With a tremendous looking stormy front moving in over the Atlantic from the south-west, the conversation during the journey back was filled with birding predictions for the following week. None of us however managed to predict what would hit Ireland that afternoon. Amazingly a RUBY-CROWNED KINGLET had been trapped on Cape Clear Island. Just like the CAPE MAY WARBLER we had seen the day before this was only the second ever sighting of this North American species in Europe. One thing was certain, the south west of England was sure to provide us with something tasty over the coming days. I felt another trip to the Isles of Scilly would be inevitable for the following weekend.

Finally at around 7.00pm on Sunday evening I arrived back home in North Warwickshire. I was absolutely shattered and even twelve hours after staggering of that boat, I still felt as though I was at sea. Despite the mild exhaustion and the proverbial roller coaster ride of the past few days though I can honestly say I had loved every single second of it. The higher the risk, the better the reward. What an adventure! 

Sunday, 20 October 2013

A HOOPOE in Nottinghamshire

HOOPOE - Annesley Pit Top, Nottinghamshire
Photo by Dave Hutton

After the rigours of the previous day on the English south coast I did not really fancy venturing too far today, especially as I had developed an agonising pain in the neck. Luckily I had some top notch drugs left over from my recent operation, so after popping a few pills during the early hours of the morning I was back in birding business.

The original plan was to visit the patch and count wildfowl or something similarly yawn inducing however whilst lying in bed I was stimulated by something a touch more exotic. News of a Hoopoe  came through from Annesley Pit Top just up the road in Nottinghamshire. After receiving a bit of local gen from Stevie Dunn and hearing that the bird was showing very well at times, Dave Hutton and I decided to pay the bird a fleeting visit.

Typically as we entered the car park in Newstead Village a quick phone call for directions resulted in disappointment. The Hoopoe had just flown off high over a line of conifers and had disappeared. Undeterred though we squelched away up through the mud hoping that we could relocate it somewhere around the former mining site. As we approached the first lagoons we met the familiar faces of Stevie Dunn and Rich Challands. Unfortunately there was no still no sign of the bird but there were a few folks still searching the area. Then whilst chatting to the lads my attention was drawn to a pair of Carrion Crows calling as they flew along a distant hill top. Noisy corvids are always worth checking out and whilst investigating the commotion I was delighted to see the distinctive silhouette of a Hoopoe in flight as it tried to shake off the attention of the curious crows.

As we all made our way towards the top of the hill the bird then did us all a favour and flapped its way back down towards the lagoon where it was originally found earlier in the day. After a careful search of the rough grassland we then enjoyed superb views as it probed its way along a muddy embankment.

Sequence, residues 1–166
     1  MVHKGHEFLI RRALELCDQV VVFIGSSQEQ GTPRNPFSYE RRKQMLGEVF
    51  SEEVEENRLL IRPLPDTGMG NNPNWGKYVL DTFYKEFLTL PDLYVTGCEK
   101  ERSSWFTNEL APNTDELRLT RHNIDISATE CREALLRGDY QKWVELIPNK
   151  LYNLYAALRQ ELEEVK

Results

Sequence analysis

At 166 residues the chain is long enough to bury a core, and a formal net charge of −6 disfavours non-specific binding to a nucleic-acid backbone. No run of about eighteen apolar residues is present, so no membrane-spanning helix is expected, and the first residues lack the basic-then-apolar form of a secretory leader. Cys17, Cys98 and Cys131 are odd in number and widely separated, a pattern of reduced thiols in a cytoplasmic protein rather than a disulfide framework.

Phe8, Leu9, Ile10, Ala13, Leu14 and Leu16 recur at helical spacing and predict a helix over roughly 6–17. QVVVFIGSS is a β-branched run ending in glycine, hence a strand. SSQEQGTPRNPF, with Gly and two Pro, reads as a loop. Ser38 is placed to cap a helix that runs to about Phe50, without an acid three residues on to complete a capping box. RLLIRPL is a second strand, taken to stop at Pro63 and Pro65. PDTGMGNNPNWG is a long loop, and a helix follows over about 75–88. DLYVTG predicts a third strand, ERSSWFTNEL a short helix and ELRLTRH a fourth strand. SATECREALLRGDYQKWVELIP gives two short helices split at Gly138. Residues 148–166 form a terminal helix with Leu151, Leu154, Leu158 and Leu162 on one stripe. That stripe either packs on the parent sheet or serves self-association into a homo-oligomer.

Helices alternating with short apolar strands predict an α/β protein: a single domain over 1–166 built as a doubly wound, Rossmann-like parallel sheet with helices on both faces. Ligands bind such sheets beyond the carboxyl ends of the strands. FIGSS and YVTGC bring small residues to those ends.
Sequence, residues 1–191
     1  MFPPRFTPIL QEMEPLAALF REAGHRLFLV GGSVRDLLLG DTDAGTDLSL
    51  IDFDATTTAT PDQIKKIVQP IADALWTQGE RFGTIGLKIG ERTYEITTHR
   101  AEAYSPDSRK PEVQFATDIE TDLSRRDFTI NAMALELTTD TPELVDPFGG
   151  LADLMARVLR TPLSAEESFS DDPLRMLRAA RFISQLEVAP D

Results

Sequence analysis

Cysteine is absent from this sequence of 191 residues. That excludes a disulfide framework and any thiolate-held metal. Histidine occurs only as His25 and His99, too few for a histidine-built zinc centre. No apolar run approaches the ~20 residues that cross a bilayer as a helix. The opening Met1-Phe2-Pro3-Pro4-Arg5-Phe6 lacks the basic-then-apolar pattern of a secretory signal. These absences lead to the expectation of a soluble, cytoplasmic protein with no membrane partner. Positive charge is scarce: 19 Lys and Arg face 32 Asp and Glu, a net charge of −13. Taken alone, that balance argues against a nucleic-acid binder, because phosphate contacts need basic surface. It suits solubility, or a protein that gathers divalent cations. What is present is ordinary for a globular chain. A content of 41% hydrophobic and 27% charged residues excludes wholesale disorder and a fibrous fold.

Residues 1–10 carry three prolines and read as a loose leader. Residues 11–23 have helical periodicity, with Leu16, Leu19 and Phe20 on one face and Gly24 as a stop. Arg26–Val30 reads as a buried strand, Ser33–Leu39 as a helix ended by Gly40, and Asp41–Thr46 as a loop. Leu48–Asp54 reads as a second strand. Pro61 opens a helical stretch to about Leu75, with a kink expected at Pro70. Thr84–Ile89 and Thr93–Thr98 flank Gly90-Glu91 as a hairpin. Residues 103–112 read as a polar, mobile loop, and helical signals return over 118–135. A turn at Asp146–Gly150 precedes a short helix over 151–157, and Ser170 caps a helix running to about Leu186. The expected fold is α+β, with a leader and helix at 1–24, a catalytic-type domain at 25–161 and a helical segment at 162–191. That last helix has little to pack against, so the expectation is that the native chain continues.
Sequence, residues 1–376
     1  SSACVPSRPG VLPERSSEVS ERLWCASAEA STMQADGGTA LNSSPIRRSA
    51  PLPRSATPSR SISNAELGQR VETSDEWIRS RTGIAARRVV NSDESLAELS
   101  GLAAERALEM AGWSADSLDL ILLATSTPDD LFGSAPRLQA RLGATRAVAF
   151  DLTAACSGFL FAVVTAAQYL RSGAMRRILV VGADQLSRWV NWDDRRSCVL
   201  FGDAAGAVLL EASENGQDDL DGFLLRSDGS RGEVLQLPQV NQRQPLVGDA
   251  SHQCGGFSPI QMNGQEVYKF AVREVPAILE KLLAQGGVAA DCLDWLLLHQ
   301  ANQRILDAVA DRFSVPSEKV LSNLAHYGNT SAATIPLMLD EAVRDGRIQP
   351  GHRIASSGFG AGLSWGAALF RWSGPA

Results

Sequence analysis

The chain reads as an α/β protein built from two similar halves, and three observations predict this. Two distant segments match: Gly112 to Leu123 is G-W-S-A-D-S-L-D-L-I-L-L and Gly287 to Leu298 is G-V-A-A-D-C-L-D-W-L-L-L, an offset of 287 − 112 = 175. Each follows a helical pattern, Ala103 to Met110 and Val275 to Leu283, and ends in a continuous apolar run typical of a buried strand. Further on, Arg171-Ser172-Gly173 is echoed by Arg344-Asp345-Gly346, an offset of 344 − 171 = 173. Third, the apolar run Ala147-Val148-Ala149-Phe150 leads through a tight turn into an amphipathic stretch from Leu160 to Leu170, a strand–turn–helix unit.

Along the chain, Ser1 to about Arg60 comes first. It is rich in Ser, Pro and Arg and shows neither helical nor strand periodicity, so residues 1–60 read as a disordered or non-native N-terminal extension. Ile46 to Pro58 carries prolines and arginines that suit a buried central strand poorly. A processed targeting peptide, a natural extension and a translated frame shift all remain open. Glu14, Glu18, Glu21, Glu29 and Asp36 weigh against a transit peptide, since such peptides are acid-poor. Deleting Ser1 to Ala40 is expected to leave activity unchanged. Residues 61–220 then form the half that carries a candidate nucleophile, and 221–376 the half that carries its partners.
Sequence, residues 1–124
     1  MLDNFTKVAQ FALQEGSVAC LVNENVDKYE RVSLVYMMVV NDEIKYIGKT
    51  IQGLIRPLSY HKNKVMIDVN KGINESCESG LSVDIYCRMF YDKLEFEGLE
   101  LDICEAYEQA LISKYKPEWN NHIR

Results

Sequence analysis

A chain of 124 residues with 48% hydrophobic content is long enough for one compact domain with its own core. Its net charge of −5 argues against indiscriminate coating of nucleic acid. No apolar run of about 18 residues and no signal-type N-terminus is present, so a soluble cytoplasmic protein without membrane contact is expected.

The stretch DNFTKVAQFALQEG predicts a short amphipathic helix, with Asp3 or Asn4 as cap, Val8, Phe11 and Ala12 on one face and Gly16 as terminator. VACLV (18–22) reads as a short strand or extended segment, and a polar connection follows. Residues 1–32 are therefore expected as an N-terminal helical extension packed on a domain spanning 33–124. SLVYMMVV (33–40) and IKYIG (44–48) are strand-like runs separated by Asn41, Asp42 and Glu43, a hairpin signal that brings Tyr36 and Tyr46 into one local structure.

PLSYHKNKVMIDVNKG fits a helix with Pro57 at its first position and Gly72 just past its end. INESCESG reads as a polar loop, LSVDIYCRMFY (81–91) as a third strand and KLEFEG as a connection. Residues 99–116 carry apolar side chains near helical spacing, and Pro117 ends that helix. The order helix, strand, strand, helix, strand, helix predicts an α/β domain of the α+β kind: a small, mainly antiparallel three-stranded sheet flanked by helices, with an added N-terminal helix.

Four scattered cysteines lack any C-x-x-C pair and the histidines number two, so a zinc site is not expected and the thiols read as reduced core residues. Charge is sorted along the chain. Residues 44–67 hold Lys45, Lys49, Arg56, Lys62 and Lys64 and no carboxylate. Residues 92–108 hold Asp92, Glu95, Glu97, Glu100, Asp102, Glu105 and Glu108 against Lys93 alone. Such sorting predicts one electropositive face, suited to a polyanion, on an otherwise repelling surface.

HOOPOE - Annesley Pit Top, Nottinghamshire
Photo by Dave Hutton

After around ten minutes the bird then flew up towards the higher pools and with Dave not particularly satisfied with his initial set of photos we decided to hunt it down again. Soon enough, the scarce migrant from across continent was found once more as it fed along a track before being flushed by a couple of horse riders. At this stage the bird made its way to the relatively undisturbed edge of a lower pool where we enjoyed prolonged scope views as it mooched around searching for grubs.

Stevie Dunn (left) & Rich Challands (right)....
... which birder do you think blends in better with his surroundings?

Other birds around this excellent site included a trio of winter plumaged Black-necked Grebes, 5 Little Grebes, 51 Common Pochard and a couple of Green Woodpecker. At one stage I also heard a Rock Pipit but failed to see it unfortunately. There were also reasonable numbers of Skylark, Meadow Pipit and a scattering of Linnet and Lesser Redpoll.

This Hoopoe sighting became only my fifth ever of this species in Britain. Remarkably I am still yet to see one outside the Midlands.

HOOPOE - Annesley Pit Top, Nottinghamshire
Photo by Dave Hutton

Saturday, 19 October 2013

MEGA ALERT: The SEMIPALMATED PLOVER in Hampshire

Now the SEMIPALMATED PLOVER is not the most inspiring of American species that has ever  occurred on this site of the Atlantic Ocean. You could say that our very own Common Ringed Plover of Britain and Northern Europe is slightly more a aesthetically pleasing. The issue is though this subtly different species is an extremely rare visitor to Europe and particularly Great Britain. Since the initial sighting on St Agnes, Isles of Scilly during October 1978 just a further two birds have been found and accepted in Britain. When the second individual turned up in Devon during the Spring of 1997 and returned again in 1998 I could not even be bothered to make the short diversion down to Dawlish Warren as I drove from the Midlands to Cornwall and back on several occasions. I had wrongly assumed that now we knew exactly what to look for in this species, at least one would be safely identified every year.

Last Thursday night news filtered through that a first winter SEMIPALMATED PLOVER had been present in the high tide wader roost off the eastern tip of Hayling Island in Hampshire. At last I finally had a chance of putting a birding schoolboy error to rest after over fifteen years. With much to do at work on the Friday there would be no chance of heading south until the weekend though. On the Saturday morning, I headed down with Mike Feely and Dave Hutton to try our luck at high tide. 

Anxious birders at Black Point.... with Brent Geese overhead.